The nameless horror that struck me passed in a moment when I saw that this man was indeed only a man; there was a small group of men standing nearby, to whom he seemed to be making the gesture. The Danger-light was not yet lit. An entirely new, low structure sat against the light-post; it was made of wooden supports and a tarp, and was no bigger than a bed.

With a strong sense that something was wrong, and – cursing myself for leaving the man alone with no one to supervise or correct him – I descended the path as quickly as possible.

“What is the matter?” I asked the men.

“The Signal-man was killed this morning, sir.”

“Not the man who works in that box?”

“Yes, sir.”

“Not the man I know?”

“You will recognise him if you knew him, sir – his face is in good condition.” The man said, solemnly, removing his hat and raising one end of the tarp.

“Oh, how did this happen – how?” I asked, turning from one to another as the tarp fell back into place.

“He was cut down by a train, sir. No man in England was better at his job, but for some reason, he was not clear of the outer rail. It happened in broad daylight; he turned on the light and had the lamp in his hand. As the train came out of the tunnel, his back was towards her, and she cut him down. That man drove her, and he was demonstrating how it happened; show the gentleman, Tom.”

The man wore a rough, dark suit and returned to his former position at the mouth of the tunnel.

“Coming round the curve in the tunnel, sir, I saw him at the end – as if I were seeing him through a telescope. There was no time to check speed, and I knew him to be very careful. He didn’t seem to take notice of the whistle; I shut it off when we were getting close and called to him as loud as I could.”

“What did you say?”

“I said, ‘down there! Look out! For God’s sake, clear the way!’”

I gasped.

“Ah! it was dreadful, sir. I never stopped calling to him. I put one arm over my eyes so I wouldn’t have to see, and I waved this arm until the last moment, but it was no use.”

Without prolonging the story to dwell on any one curious situation more than another – I may point out the coincidence of the train driver’s warning. It included not only the same words the Signal-man repeated to me, but also the words that only I had attached to the gesture he imitated.

Classics Translated

The Empty House

Algernon Blackwood, first published 1906; translated to Modern English, otherwise left exactly the same. 

This story has been added to our Classics in the Rain collection! Hear Danie Dreadful’s magnificent narration here for the full experience!

Certain houses – like certain people – somehow manage to instantly announce themselves as evil. No single feature is to blame; someone might be charming and attractive, but after getting to know each other, you see something is drastically wrong with them. They reveal secret and wicked thoughts that make others avoid them like a plague.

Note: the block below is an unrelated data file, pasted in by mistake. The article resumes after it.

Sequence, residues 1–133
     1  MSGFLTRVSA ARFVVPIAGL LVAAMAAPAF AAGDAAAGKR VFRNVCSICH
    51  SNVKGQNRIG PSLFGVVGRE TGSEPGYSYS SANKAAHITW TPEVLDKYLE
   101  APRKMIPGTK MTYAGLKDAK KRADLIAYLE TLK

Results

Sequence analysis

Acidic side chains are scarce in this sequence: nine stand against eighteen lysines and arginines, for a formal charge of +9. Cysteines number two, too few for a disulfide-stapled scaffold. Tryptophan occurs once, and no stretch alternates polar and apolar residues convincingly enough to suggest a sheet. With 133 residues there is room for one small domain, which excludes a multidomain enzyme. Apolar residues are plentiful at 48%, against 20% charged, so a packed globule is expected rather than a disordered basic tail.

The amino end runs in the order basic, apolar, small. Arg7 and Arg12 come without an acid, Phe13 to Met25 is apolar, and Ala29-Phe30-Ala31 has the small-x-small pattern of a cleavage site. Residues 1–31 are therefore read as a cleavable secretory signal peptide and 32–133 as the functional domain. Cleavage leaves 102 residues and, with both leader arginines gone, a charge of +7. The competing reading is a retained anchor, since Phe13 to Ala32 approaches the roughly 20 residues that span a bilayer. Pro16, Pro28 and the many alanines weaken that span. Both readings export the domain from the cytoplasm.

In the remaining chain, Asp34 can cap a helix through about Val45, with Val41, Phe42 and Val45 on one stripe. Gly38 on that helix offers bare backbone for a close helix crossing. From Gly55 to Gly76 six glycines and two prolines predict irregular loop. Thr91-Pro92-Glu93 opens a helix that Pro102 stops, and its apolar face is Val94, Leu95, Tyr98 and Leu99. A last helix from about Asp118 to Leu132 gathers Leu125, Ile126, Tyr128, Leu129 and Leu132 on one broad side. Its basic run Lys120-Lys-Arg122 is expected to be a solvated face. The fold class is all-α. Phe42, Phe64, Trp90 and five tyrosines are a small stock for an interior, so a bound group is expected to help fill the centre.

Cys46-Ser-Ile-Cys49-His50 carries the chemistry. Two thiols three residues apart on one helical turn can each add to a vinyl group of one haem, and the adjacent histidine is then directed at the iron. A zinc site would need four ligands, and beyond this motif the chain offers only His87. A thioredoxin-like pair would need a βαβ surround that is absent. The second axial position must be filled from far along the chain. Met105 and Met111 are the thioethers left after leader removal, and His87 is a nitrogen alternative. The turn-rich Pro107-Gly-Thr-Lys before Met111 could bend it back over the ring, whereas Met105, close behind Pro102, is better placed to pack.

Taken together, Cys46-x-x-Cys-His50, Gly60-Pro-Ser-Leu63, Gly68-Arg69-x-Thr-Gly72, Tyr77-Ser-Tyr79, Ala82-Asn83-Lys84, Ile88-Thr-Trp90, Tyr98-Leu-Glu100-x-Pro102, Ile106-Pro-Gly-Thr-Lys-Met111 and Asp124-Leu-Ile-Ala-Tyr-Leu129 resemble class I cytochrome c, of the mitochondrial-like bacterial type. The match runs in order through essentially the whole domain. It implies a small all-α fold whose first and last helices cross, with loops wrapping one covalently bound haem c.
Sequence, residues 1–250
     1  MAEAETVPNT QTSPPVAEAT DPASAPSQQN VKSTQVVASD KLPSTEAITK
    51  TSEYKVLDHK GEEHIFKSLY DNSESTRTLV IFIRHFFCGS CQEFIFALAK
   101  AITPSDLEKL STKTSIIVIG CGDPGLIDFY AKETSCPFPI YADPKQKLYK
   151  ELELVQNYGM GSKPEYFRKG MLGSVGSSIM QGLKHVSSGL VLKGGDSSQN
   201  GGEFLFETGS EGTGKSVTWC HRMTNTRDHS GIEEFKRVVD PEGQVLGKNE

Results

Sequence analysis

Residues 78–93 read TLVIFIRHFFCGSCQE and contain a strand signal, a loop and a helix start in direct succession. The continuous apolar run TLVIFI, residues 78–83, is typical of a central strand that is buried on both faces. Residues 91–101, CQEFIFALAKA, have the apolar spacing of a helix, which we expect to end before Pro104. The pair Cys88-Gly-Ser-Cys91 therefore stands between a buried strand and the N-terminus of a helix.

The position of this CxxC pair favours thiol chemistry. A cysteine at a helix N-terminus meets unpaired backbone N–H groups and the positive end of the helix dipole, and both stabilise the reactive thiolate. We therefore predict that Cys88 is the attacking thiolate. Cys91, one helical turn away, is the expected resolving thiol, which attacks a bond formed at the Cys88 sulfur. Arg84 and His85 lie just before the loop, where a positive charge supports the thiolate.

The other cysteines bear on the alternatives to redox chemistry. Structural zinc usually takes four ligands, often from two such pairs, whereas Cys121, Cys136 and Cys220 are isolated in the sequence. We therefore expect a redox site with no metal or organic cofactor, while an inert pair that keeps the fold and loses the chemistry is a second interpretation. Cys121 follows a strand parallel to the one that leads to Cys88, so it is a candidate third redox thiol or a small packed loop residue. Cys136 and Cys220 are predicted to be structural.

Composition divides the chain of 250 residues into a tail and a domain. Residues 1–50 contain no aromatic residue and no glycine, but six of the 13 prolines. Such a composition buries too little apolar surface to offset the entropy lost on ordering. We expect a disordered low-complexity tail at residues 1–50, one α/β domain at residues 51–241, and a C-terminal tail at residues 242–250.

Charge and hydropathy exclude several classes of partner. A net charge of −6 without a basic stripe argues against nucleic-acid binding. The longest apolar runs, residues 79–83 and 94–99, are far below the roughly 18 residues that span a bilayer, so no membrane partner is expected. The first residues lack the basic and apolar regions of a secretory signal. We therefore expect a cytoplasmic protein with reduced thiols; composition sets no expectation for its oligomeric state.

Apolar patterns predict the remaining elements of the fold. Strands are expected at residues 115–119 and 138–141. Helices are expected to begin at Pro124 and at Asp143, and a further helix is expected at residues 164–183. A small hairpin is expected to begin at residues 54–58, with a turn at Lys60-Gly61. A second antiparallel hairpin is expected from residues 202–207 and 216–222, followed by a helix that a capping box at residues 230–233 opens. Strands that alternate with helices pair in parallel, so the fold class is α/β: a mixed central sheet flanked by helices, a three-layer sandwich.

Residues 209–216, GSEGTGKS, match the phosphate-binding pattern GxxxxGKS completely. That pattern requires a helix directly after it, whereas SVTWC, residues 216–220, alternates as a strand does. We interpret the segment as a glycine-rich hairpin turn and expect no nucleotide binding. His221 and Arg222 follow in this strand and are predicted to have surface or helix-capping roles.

Perhaps it is the same with houses, and the evil deeds committed under a single roof are what give us chills and raise our hair. Maybe some of the evil person’s hatred and their victim’s horror are left behind; it could affect the new occupant – making them feel nervous or frightened for no apparent reason.

Nothing about this particular house hinted at the horror that happened inside. It was neither lonely nor dirty. It stood on a crowded corner of the square and looked identical to the houses on either side. They all had the same number of windows, a balcony over the garden, and white steps leading up to a heavy, black front door. Even the number of chimneys, the angle of the eaves, and the height of the railings were the same. In the back was a narrow strip of green with brick borders running up the wall to separate it from the adjoining houses.

Yet, despite seeming so similar to its fifty ugly neighbors, this house was horribly different.

It is impossible to say exactly where this invisible difference is. It cannot be entirely the imagination because too many people have stayed there without knowing its history; even they claimed that certain rooms were so awful, they would rather die than return. The house’s very atmosphere created a feeling of genuine terror, and the innocent people who tried to live there were forced to leave with hardly any notice. The town practically considered it a scandal.

When Shorty arrived to pay a visit to his Aunt Julia at her little house by the sea, he found her bursting with excitement. He received a telegram from her that morning and expected the visit to be boring, but the moment he kissed her wrinkled cheek – he felt her energy like an electrical wave. The sensation grew when he learned there would be no other visitors; he was summoned for a very special reason.

Something was in the wind, and it would certainly prove useful. This spinster aunt had a passion for psychic research, brains, and willpower; she was known to accomplish her goal by any means necessary. The secret was revealed after tea, and Julia stood close to him as they slowly paced along the beach at dusk.

“I’ve got the keys,” she announced in a delighted, yet disbelieving way. “Got them till Monday!”

“The keys to the changing room, or—?” he asked innocently, looking from the sea to town. Nothing brought her to the point quicker than feigning stupidity.